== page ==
Saturday, November 26, 2016


I’ll have to concede that, thanks to Michael “Master of Explosions” Bay, the Transformers toy line from Hasbro became widely known again to the world at large after the heyday of its animated cartoons from the 1980s. But come on, who doesn’t dig vehicles that turn into mostly humanoid robots, right? This has become more pronounced ever since Bay unleashed the CGI Transformers with their complex mechanical components shifting and changing as if in real live action. Surely some people have dreamed of replicating that feat in the real world, using existing technology? Wonder of wonders, there have been people who have made the attempt. This article is about a startup that did.

According to CNN, there’s a smart red BMW for auction at the Big Boys Toys Exhibition in Abu Dhabi, with a lucky bidder set to take it home by Saturday when the exhibition closes. The costly part is that bidding starts at $600,000 so it’s far out of reach for a lot of people. Now why would a BMW that was actually built by a little startup firm from Turkey cost that much? Well as the title and intro paragraph pretty much spoils, the flashy car isn’t even a car at all.

Turkish tech firm Letrons has created Antimon, a “sports car” that – honest to goodness – transforms into a bipedal robot. To wit: from its prone car form, the “doors” swing outward but parallel to the body to reveal arms, the body then swivels upward on its rear wheels (now supported by built-in telescoping jacks as “legs”), the front section bends forward to for the “chest” and a robot head slides out from the hood section to complete the 30-second transformation. It’s as awesome as it sounds.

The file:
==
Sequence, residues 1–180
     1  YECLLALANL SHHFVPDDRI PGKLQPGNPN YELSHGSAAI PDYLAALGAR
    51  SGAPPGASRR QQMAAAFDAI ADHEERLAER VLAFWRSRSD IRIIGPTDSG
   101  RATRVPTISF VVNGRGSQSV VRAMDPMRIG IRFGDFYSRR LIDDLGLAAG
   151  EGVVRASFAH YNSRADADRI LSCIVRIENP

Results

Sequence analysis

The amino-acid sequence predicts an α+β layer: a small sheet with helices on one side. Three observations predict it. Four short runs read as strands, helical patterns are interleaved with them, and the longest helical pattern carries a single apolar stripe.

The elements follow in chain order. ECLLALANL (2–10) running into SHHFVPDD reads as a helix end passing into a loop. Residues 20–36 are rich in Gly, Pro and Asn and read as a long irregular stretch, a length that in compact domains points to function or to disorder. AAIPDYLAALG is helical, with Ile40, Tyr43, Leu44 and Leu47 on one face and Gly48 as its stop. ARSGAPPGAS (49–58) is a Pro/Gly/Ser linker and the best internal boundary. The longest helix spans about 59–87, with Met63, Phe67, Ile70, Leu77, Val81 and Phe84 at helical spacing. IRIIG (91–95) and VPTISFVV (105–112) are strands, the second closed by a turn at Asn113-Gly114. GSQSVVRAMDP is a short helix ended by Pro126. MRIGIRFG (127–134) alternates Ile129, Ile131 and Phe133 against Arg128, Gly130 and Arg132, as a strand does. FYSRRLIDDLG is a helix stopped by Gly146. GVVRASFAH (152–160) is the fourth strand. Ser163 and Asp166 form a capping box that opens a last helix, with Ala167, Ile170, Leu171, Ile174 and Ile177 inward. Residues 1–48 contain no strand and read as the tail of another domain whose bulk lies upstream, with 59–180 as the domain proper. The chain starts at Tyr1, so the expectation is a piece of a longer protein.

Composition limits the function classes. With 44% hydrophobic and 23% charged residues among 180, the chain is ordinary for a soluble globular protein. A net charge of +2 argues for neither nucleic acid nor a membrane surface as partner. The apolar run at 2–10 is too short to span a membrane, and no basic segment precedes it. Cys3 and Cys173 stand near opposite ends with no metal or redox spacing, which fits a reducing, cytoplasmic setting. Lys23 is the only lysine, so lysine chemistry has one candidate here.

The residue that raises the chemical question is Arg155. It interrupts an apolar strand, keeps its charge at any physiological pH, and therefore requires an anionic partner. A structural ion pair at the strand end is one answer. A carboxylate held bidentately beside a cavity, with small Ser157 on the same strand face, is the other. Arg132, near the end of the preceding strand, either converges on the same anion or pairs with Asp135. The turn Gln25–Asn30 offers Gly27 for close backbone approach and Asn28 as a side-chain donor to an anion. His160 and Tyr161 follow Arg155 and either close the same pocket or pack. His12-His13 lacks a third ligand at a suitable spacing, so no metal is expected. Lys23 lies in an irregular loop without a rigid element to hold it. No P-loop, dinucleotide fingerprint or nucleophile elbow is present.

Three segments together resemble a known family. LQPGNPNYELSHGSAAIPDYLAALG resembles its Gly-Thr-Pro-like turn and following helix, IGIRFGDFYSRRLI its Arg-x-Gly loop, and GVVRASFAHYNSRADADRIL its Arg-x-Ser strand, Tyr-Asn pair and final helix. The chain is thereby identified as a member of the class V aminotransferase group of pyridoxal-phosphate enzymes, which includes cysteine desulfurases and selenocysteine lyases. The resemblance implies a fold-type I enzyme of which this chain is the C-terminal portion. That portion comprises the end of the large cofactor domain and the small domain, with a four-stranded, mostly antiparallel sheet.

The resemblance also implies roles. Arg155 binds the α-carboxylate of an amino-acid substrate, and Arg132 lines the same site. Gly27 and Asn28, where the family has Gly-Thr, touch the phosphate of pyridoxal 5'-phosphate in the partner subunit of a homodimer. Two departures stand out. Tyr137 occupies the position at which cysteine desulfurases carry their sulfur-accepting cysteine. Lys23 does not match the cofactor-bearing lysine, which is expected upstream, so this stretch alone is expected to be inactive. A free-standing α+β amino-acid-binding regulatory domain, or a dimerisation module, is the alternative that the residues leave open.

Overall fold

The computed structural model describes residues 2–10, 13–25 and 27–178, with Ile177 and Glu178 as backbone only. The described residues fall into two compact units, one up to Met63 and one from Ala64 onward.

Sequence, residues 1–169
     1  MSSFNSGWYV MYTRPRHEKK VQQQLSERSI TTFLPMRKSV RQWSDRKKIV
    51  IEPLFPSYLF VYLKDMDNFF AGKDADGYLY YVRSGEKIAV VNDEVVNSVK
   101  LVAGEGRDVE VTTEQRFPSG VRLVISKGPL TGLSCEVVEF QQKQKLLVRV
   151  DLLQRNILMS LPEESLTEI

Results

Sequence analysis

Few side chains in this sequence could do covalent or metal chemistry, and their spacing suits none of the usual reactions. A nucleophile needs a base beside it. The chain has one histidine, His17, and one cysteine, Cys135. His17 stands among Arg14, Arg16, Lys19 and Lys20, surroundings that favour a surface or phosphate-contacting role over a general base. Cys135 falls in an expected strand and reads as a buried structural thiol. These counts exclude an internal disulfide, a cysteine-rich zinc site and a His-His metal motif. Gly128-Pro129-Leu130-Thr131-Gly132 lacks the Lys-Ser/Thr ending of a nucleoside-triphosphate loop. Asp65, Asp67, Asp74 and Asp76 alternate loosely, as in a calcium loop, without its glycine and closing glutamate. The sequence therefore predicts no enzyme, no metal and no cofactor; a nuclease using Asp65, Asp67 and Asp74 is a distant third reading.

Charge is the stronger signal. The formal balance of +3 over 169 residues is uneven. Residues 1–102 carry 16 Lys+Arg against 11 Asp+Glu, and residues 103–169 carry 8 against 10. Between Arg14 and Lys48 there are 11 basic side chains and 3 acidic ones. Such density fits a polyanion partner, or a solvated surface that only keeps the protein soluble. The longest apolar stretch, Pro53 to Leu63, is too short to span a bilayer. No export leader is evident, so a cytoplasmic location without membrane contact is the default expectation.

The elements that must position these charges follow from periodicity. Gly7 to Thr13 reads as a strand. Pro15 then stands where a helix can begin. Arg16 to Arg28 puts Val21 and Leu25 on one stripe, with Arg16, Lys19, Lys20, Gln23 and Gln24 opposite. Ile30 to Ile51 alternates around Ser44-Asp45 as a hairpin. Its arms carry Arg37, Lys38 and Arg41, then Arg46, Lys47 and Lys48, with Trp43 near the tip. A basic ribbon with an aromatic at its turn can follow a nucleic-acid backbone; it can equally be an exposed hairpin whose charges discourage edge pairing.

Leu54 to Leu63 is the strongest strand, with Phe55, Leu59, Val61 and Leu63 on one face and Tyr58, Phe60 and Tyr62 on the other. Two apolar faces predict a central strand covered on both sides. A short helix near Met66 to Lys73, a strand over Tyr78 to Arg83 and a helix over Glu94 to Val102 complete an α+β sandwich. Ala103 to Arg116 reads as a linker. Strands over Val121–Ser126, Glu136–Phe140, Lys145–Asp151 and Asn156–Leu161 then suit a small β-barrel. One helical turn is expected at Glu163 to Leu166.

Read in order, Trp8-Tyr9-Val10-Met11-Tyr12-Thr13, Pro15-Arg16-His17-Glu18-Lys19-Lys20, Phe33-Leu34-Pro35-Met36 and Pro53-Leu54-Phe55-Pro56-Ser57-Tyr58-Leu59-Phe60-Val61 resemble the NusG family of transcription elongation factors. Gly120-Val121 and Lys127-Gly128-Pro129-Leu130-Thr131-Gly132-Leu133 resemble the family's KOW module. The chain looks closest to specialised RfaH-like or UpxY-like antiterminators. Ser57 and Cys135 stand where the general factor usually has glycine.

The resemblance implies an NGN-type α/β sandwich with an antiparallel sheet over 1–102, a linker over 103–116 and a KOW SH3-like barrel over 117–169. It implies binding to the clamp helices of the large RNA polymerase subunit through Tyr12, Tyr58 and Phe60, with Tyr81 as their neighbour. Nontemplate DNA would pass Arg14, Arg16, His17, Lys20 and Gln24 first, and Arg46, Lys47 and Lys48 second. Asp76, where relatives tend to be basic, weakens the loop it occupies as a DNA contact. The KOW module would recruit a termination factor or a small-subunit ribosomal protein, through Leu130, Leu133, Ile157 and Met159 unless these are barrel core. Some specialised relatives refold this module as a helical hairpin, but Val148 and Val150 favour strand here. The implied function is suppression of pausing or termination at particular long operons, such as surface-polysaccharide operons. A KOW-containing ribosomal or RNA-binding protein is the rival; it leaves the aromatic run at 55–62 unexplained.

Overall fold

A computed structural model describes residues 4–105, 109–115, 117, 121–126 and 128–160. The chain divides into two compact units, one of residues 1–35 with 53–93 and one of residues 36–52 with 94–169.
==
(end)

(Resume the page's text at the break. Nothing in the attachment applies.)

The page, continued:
Letrons at present consists of nothing more than 12 engineers and 4 technicians, but they’ve certainly garnered a lot of attention with their pet project, which they said took the team 11 months to design, test and assemble. Their Antimon is fully capable of moving around in its car form, but it’s not street-legal, and due to its internal moving parts there’s not much of an interior for passengers. The real-world Transformer is drive by remote control and can reach speeds of up to 20 kilometers an hour. While it must stand still in robot form due its pneumatic jack “feet”, Antimon’s head and arms can move via remote; even its fingers are articulated. 

The startup’s sales and marketing director Turgat Alpagot is quite frank as to why Letrons built something like Antimon: "We think if we do something like this it'll get great exposure."The company hopes that Antimon will be the first of a planned series of 12 transforming vehicles, and hopefully some of these future designs will be cheaper and can actually be driven as vehicles. life-transformer- 780x439.jpg

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